Baseball Fans love to argue over who belongs in the Hall of Fame. Every fan has his or her own opinion both on players who are not yet in the Hall and on players who are actually in the Hall. We can spend endless hours arguing over the merits of Phil Rizzutto vs. Pee Wee Reese, whether Don Mattingly or Bert Blyleven really should be inducted or if we should induct players who were undoubtedly great on the field, but had off-field problems.
Part of the problem, I suppose, comes from the fact that there is no clear definition of exactly who a Hall of Famer is. Bill James, the noted baseball writer and statistician, said in his book Politics of Glory “The Hall of Fame is a self-defining institution that has by and large failed to define itself.” Since the guidelines of what, exactly, a Hall of Famer is are vague and ambiguous, there will always be arguing about who belongs in the Hall.
For good or for bad, however, the concept of tznius has morphed over time, to include restrictions on how women (and, to a far lesser extenet, men) dress and behave. However, as with the Hall of Fame, there is no clear definition of tznius, but rather one that varies greatly over time and distance. It’s kind of funny in a way – no matter where (or when) we come from, we all agree that a esrog is the fruit indicated in the verse pri etz hadar and we all agree that tefillin need to be black and have four parshiyos. Yeah, we may disagree in some minor details (the order of the parshiyos, etc.), but we agree in the main details. And yet, when it comes to tznius, the definition of how women are to dress varies greatly from one community to the next. In some communities a wig is the only acceptable head covering. In others, a wig is forbidden, only a kerchief or a turban is acceptable. In some communities, women shave their heads completely upon marriage, thus making absolutely sure that no one sees their hair (including, I guess, their husbands). And on and on it goes. Since we’ve failed to establish some universal standards for tznius (beyond, I suppose the bare minimum) each community argues for what it thinks is the proper standard.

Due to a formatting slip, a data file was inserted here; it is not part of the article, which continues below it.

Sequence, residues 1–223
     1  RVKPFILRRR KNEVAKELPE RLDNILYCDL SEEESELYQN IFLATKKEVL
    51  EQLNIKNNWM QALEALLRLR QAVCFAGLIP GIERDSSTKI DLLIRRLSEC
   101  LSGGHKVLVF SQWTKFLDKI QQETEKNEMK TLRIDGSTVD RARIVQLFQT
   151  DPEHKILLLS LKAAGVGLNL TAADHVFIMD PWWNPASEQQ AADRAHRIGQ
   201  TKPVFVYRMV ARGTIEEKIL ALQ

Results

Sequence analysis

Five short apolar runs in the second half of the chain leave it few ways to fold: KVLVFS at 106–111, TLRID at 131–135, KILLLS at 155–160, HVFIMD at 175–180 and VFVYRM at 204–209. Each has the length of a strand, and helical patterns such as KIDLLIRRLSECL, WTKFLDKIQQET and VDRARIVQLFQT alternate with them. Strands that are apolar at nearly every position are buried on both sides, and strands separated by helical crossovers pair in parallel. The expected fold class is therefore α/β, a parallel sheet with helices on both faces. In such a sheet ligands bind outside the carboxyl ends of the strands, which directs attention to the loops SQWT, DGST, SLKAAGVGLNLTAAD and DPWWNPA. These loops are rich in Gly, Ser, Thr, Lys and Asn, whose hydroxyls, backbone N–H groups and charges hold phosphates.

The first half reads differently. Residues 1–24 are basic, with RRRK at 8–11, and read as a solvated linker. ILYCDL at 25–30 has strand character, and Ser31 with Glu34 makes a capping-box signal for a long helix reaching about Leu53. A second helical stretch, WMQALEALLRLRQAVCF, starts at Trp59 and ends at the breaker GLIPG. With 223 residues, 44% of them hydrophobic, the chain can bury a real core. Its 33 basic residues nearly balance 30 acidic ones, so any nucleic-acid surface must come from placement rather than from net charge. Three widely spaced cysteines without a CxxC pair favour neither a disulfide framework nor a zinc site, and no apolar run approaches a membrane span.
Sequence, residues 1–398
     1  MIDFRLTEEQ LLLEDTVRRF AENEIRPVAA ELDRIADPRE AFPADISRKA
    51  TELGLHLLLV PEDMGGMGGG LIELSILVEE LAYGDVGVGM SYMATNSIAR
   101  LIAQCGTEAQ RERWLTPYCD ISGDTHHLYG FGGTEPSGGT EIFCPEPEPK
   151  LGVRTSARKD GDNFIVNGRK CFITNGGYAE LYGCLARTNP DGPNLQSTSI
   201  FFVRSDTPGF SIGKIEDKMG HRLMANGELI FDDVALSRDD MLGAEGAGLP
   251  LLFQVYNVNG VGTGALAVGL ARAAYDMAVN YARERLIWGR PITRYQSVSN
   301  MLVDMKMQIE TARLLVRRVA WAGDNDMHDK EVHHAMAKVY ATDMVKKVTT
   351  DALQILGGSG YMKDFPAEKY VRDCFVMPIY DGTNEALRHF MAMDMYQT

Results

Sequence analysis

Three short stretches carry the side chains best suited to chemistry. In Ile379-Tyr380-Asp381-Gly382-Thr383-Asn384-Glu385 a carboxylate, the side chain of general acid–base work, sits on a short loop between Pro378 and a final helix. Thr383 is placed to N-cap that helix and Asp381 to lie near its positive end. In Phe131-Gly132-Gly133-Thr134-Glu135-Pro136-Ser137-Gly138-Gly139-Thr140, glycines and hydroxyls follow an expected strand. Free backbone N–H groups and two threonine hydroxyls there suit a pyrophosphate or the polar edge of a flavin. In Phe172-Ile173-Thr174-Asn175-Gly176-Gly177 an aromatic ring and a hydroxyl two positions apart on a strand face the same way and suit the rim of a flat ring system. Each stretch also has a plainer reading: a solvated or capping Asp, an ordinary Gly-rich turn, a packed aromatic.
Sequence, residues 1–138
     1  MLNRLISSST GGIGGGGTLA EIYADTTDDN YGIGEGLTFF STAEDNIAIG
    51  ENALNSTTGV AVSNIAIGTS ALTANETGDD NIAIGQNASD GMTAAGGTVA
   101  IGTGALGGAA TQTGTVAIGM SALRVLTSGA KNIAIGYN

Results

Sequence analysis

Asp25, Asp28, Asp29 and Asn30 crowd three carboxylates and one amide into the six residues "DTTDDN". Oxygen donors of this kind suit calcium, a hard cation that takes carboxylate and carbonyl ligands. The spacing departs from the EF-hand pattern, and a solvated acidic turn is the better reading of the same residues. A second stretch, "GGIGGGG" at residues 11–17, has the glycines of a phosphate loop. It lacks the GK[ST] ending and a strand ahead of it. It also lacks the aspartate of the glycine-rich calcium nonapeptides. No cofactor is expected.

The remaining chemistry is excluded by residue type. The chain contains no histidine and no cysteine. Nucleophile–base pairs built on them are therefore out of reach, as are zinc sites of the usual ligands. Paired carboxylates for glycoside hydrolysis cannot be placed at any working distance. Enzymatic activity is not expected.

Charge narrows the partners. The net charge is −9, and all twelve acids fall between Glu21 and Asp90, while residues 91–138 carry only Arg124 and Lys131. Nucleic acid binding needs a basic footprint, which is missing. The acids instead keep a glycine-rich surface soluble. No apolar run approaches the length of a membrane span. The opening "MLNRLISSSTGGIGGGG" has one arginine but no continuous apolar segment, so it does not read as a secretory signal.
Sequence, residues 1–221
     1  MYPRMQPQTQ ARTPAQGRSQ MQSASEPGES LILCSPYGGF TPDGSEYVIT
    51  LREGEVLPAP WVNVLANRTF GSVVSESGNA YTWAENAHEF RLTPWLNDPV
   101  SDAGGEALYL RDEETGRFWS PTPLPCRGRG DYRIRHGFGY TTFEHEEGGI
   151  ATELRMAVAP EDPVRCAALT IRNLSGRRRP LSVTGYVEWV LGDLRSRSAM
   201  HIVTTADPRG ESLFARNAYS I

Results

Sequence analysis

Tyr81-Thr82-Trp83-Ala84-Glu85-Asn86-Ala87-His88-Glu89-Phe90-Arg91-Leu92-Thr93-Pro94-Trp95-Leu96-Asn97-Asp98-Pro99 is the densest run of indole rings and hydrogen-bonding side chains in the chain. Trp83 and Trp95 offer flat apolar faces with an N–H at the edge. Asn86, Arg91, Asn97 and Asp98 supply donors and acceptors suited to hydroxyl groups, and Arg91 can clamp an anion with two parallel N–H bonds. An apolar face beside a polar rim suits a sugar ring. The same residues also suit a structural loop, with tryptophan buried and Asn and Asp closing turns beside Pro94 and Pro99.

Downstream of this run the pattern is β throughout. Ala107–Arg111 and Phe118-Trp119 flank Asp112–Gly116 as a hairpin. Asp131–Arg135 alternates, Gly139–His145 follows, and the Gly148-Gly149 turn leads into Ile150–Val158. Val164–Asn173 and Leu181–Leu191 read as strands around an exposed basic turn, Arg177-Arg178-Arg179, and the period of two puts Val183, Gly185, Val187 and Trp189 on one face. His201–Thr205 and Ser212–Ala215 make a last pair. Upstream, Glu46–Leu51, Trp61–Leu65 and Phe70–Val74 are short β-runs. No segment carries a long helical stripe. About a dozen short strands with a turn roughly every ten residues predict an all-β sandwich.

However, of late, I think that we’ve been taking things a bit too far. We’ve taken the concept of tznius, as it relates to women’s dress and behavior, and begun carrying it to an extreme. Whereas at one time it may have meant simply being modest in dress and behavior, it is now approaching the point where we have ever-increasing restrictions and regulations. It has been noted in more than one place that black seems to be the newest fashion trend among Orthodox Jewish women. However, it that because it is just the “fad of the season” or is it because we’ve become afraid to wear any other color because it might be ruled “untzniusdik?”
There are things that are happening today in the name of “tznius” that would have been unheard of fifteen years ago. Consider the following paragraph from Miraim Shaviv’s recent article in the Jewish Chronicle:
As with just about all things in life, there is a key word that one must apply to one’s actions and thoughts – moderation. In all things, one must be moderate. Going overboard on anything is a bad thing – and that includes tzniyus. Going overboard on tzniyus regulations to the point where you begin measuring how thick stockings have to be, or how shiny your shoes are or what color banana-clip you can wear in your hair only serves to alienate women from Judaism, not to attract them to it. And when you alienate women from Judaism, it's usually the tzniyus restrictions that are the first thing to go.